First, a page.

By Sinikka Tarvainen and Denis Duettmann (dpa)
HAVANA TIMES – UN High Commissioner for Human Rights Michelle Bachelet met with Venezuelan President Nicolas Maduro and with opposition leader Juan Guaido in Caracas on Friday.
Maduro spoke of a “very successful meeting” and insisted he would “accept the high commissioner’s suggestions and recommendations, adding that “anyone who violates human rights will be held accountable.”
Human rights organizations and the opposition have blamed state security forces and pro-government thugs for murders, torture and arbitrary arrests in the crisis-ridden South American country.
“We live in a dictatorship that violates human rights,” opposition leader Guaido asserted after his own meeting with Bachelet.
Guaido said the UN high commission is to establish an office with two employees in Venezuela to monitor the crisis in the country. Two of the commissioner’s officials are to remain in the country to review the situation, above all in hospitals, he asserted.
Guaido, who declared himself interim president in January, is backed by dozens of countries in his campaign to oust Maduro. The head of state won a second term in a disputed election last year and has presided over a massive economic and political crisis.
Bachelet met government representatives and relatives of political prisoners on Thursday, the first full day of her visit.
The vice president responsible for planning, Ricardo Menendez, stressed that US sanctions had contributed to the country’s economic crisis, saying it had deprived the government of a large part of its resources, local media reported.
Bachelet also held talks with Diosdado Cabello, regarded as Maduro’s right-hand man, while anti-government demonstrators gathered outside UN premises in the capital.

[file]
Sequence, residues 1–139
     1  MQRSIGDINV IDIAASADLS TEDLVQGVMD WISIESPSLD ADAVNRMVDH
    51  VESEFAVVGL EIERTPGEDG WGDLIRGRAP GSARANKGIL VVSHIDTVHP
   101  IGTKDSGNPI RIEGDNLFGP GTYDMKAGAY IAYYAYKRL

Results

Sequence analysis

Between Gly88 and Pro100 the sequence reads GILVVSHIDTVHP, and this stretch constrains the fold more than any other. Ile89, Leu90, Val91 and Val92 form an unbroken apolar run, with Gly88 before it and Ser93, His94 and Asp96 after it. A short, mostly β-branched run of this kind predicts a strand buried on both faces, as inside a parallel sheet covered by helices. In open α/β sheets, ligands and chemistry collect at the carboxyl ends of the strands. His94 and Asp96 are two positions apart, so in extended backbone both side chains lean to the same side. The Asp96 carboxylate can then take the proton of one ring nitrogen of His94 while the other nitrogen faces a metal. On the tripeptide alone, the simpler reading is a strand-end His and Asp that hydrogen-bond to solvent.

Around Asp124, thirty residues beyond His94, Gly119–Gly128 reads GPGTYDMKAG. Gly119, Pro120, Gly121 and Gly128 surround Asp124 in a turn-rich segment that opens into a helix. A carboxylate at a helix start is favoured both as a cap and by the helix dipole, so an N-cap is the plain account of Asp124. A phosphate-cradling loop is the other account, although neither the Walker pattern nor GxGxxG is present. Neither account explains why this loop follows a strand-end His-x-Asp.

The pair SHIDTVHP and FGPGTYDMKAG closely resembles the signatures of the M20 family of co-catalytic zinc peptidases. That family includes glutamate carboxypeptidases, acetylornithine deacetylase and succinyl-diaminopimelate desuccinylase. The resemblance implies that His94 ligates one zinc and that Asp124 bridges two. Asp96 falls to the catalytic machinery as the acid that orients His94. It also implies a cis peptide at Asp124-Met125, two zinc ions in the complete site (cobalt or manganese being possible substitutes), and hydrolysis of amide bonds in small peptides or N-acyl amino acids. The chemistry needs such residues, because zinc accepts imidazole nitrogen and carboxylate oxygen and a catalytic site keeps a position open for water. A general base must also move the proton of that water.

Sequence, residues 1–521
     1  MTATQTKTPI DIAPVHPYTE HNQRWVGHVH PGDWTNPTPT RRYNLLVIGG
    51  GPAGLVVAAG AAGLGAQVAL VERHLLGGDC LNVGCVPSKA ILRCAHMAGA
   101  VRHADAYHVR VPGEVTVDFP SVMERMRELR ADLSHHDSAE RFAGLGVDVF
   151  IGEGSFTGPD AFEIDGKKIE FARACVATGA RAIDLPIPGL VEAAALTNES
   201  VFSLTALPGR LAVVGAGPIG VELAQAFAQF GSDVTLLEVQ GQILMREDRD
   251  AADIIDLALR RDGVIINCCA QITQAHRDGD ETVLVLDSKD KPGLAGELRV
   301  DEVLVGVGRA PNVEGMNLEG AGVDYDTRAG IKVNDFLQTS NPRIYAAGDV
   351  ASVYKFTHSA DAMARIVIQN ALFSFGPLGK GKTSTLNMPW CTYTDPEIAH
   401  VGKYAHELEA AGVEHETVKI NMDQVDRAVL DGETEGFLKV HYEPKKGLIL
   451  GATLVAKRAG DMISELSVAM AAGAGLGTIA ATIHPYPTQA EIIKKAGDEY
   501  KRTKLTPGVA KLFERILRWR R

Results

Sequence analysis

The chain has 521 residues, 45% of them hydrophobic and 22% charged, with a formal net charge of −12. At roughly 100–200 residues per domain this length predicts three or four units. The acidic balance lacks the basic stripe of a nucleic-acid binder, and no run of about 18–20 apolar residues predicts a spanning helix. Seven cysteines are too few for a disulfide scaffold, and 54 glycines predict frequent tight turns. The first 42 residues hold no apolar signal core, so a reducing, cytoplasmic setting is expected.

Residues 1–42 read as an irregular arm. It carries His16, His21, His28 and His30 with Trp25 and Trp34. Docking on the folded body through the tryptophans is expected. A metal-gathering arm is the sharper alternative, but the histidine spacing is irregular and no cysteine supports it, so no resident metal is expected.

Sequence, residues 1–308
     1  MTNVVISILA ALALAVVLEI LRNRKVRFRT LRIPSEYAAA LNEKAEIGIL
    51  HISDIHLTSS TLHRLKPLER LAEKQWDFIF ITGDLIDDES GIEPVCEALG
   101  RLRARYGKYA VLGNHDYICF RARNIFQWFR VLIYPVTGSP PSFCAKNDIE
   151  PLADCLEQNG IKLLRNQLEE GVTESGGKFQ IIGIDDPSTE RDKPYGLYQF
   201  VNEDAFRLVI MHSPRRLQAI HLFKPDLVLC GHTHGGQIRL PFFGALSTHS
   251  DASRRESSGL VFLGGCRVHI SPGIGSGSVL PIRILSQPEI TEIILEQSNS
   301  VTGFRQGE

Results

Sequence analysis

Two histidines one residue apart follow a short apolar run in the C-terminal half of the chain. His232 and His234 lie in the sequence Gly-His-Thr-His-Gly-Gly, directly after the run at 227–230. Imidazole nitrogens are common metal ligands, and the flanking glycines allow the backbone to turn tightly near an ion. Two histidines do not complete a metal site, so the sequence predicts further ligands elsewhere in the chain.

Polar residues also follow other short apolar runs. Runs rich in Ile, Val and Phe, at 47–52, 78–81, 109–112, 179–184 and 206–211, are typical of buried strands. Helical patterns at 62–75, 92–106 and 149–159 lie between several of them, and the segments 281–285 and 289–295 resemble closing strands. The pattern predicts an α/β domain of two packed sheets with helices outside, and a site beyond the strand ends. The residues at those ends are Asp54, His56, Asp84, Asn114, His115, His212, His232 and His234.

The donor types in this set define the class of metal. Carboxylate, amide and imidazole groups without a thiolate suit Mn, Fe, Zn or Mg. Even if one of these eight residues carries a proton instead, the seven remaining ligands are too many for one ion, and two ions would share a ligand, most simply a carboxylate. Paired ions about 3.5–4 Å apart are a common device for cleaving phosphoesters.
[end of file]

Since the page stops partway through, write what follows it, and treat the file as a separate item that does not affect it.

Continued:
“This is not a government, this is a dictatorship,” protesters chanted.
“The regime finished with everything in the country, with enterprises, education. They are violating human rights,” daily El Nacional quoted one demonstrator as saying.
Hyperinflation had deprived Venezuela’s currency, the bolivar, of its purchasing power, another protester complained. “People sleep on the streets, eat rubbish. This is a dictatorship and we need to tear it up,” she added while tearing up bolivar bills.
Bachelet promised to work for the release of political prisoners, the father of one of them said after Thursday’s meeting.
The prisoners now number nearly 690, according to the NGO Foro Penal.
They numbered 773 last week, but dozens were released ahead of Bachelet’s visit, Foro Penal President Alfredo Romero tweeted.
Bachelet, a former Chilean president, left Caracas after Friday’s meetings.
The UN estimates that 7 million Venezuelans are in need of humanitarian aid. Millions have fled abroad amid food and medicine shortages and political unrest.